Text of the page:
RogerBW's Blog

Too Like the Lightning, Ada Palmer 11 June 2017

2016 Hugo-nominated science fiction, first book of Terra Ignota. Even in a techno-utopia, there are people who are unhappy with the rules.

That's assuming you can hack your way through the writing style to get to the story. It's a conscious imitation of eighteenth-century novels (as the world is an imitation of the culture of the Enlightenment), with additional massive dumps of made-up words and no explanation; I don't mind bring thrown into the middle of things and expected to work out what's going on, indeed as an SF reader that's an experience I actively look for, but in this case before we even start to learn anything about the world we're being told about a child who can quite literally do anything he can imagine… and apparently nobody finds this terrifying. And then it's back into the thickets until the next thing happens.

It's not that the book is slow-paced; indeed, you can miss something important by skimming a paragraph. It's that there's never any narrative momentum, because the moment things begin to happen there's an authorial aside. Much of the point of the book, which certainly isn't the plot or the characters, is a heavy-handed parody of current trends in inclusive language and trigger warnings: Palmer has interesting things to say here (particularly as to how a "good enough" solution can be much worse in the long term than continuing to struggle for perfection, which I suppose justifies the way all the powerful characters turn out to be male when their gender is finally signalled reliably), but she says them at much less length in various interviews.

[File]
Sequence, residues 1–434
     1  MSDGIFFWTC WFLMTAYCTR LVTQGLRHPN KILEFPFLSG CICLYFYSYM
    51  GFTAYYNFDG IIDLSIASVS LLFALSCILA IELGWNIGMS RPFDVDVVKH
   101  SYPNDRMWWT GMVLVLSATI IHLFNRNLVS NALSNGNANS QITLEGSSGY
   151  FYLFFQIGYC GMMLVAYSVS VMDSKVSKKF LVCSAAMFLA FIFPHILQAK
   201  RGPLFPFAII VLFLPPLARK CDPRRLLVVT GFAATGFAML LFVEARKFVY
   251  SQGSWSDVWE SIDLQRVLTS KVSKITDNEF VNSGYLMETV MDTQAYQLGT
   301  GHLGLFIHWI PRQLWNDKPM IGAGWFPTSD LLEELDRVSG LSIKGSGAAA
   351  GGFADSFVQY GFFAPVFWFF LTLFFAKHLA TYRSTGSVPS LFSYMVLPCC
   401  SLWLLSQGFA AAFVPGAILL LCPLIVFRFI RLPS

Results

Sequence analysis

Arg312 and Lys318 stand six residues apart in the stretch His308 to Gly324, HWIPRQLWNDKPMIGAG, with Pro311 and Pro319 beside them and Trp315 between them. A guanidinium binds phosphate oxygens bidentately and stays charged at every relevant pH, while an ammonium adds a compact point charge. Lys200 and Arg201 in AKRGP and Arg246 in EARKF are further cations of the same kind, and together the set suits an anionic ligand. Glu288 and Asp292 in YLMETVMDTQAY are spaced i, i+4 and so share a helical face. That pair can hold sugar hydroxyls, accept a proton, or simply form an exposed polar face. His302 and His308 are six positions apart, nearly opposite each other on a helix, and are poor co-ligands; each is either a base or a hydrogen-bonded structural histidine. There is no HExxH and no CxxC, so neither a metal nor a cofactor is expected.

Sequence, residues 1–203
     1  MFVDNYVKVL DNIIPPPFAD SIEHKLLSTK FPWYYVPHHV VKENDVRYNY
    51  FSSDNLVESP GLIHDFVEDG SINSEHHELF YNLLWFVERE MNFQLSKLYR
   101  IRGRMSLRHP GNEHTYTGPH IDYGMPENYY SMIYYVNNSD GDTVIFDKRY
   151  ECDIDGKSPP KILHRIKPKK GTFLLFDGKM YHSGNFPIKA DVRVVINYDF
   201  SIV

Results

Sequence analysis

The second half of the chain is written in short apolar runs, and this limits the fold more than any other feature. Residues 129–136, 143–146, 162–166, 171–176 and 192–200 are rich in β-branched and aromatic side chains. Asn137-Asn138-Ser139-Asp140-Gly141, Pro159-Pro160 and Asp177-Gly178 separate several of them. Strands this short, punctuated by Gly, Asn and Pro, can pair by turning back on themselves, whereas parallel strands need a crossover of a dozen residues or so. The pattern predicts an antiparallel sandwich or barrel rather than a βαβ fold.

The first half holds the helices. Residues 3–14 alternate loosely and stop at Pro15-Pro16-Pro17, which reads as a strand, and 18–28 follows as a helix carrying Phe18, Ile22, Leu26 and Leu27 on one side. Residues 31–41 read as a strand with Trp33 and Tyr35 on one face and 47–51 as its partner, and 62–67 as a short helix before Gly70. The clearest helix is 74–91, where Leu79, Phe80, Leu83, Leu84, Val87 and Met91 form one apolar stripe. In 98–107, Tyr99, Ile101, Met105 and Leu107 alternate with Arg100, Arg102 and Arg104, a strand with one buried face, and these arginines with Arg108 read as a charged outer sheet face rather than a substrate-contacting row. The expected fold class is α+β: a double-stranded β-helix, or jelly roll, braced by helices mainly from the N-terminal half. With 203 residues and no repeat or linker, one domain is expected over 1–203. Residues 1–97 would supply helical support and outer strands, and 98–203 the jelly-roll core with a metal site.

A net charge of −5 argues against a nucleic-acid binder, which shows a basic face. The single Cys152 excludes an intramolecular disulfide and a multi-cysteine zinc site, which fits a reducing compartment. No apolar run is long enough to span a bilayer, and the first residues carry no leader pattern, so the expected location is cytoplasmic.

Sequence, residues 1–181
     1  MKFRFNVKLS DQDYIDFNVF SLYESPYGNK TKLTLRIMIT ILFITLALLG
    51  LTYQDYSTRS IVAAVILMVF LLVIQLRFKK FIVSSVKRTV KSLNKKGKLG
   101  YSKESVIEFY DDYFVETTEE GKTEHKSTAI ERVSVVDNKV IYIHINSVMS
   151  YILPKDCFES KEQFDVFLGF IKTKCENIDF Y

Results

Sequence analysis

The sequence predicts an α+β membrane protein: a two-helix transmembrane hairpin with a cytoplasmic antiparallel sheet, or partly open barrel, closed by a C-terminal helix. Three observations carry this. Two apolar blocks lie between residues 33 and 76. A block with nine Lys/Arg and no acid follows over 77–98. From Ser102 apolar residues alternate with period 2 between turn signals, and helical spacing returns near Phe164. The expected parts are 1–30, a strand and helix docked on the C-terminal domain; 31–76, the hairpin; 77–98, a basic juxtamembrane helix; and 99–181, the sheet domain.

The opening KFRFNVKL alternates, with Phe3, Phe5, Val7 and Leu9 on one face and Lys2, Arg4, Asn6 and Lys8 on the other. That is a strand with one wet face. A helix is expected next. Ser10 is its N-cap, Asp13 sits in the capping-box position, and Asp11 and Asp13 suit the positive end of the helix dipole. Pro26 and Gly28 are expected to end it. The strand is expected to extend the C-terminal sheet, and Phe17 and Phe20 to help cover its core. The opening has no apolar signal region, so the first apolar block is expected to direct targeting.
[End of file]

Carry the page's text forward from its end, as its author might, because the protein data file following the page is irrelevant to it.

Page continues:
There are sample chapters on Read them. If you actually like them, you might get on with the book. I found it excessively self-satisfied and deliberately over-complex, like The Name of the Rose right down to the title that has no apparent relevance to the story, only here there is an actual story struggling to get out, set in a world interestingly different from our own. I'd have liked to have read it.

Followed by Seven Surrenders. This work was nominated for the 2017 Hugo Awards.

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See also:
The Name of the Rose, Umberto Eco

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